Arcteryx Parkas and Salomon Hiking Boots Became High Fashion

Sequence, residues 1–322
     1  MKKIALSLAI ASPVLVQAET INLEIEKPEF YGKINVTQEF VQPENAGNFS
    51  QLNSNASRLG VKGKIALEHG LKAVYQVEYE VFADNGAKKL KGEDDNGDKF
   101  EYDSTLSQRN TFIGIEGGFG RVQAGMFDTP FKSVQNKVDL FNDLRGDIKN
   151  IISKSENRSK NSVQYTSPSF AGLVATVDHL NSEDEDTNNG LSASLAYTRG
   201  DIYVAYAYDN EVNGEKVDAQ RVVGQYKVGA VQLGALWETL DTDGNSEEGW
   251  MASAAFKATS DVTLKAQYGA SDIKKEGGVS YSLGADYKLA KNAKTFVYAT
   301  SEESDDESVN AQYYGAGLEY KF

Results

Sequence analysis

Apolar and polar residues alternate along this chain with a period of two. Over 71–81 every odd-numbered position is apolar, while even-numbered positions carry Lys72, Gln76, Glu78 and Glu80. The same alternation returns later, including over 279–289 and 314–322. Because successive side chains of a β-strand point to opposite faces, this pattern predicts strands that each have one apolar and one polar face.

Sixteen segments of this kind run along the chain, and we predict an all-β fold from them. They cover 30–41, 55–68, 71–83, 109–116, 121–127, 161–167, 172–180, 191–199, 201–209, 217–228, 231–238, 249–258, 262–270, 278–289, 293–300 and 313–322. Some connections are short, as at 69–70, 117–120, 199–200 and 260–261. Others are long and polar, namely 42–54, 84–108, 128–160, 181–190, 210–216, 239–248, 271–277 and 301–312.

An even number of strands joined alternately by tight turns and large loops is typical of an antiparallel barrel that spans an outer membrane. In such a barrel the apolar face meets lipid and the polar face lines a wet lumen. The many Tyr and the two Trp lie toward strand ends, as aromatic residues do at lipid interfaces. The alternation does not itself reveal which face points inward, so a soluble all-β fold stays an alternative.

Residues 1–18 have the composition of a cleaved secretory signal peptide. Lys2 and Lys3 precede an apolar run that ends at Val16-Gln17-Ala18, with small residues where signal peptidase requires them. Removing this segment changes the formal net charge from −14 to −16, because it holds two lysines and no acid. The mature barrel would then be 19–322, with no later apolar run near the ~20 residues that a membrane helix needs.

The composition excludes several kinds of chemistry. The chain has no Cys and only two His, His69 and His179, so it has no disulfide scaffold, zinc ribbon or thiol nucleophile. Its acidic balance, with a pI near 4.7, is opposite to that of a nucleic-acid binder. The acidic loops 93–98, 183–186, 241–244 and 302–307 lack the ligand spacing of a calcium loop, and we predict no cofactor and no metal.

GORPCORE, named for the trail-mix acronym that’s short for “good ol’ raisins and peanuts,” represents the convergence of outdoorsy gear and more quotidian men’s fashion. Think of the technical parkas and backpacks you’d wear while nibbling on nuts and dried fruit during a hike up a mountain. Now transfer that same gear to city streets, maybe paired with your prosaic sneakers. The term “gorpcore”—coined by New York Magazine’s style site the Cut in 2017—has been bubbling up in men’s fashion for a few years. It emerged as an outdoor-specific offshoot of the 2010s’ normcore trend, which recontextualized humble, pragmatic clothes as lust-worthy fashion. The defining gorpian image might be a photo of taciturn singer Frank Ocean trekking to a Paris fashion show in 2019 wearing a fitted, clementine-orange jacket by 159-year-old Swiss mountaineering brand Mammut and a greenish beanie from 32-year-old North Vancouver outdoor brand Arc’teryx, with bluejeans and hiking boots. He looks as if he’s wandered off the Pacific Crest Trail and into the Tuileries. That Mr. Ocean wore Arc’teryx and Mammut during fashion week and not, say, Prada is telling. Gorpcore is not about designer labels cynically co-opting the outdoor look, creating fragile mountaineering boots that look the part but would falter on the trail. It’s about a deep appreciation of genuine, all-weather brands stretching from Japan’s And Wander to California’s Patagonia. Those two brands represent two distinct classes of gorpcore. And Wander, a Tokyo-based label founded in 2011, is one of several relatively new brands that sell high-design gear that could nevertheless withstand a toe-tingling winter squall. Think fleeces with reflective details and sturdy pocket-packed poly pants. Also in this category: fellow Japanese labels Snow Peak and F/CE, the Swedish cold-weather brand Houdini, and Gyakusou, a Nike offshoot focused on running garb.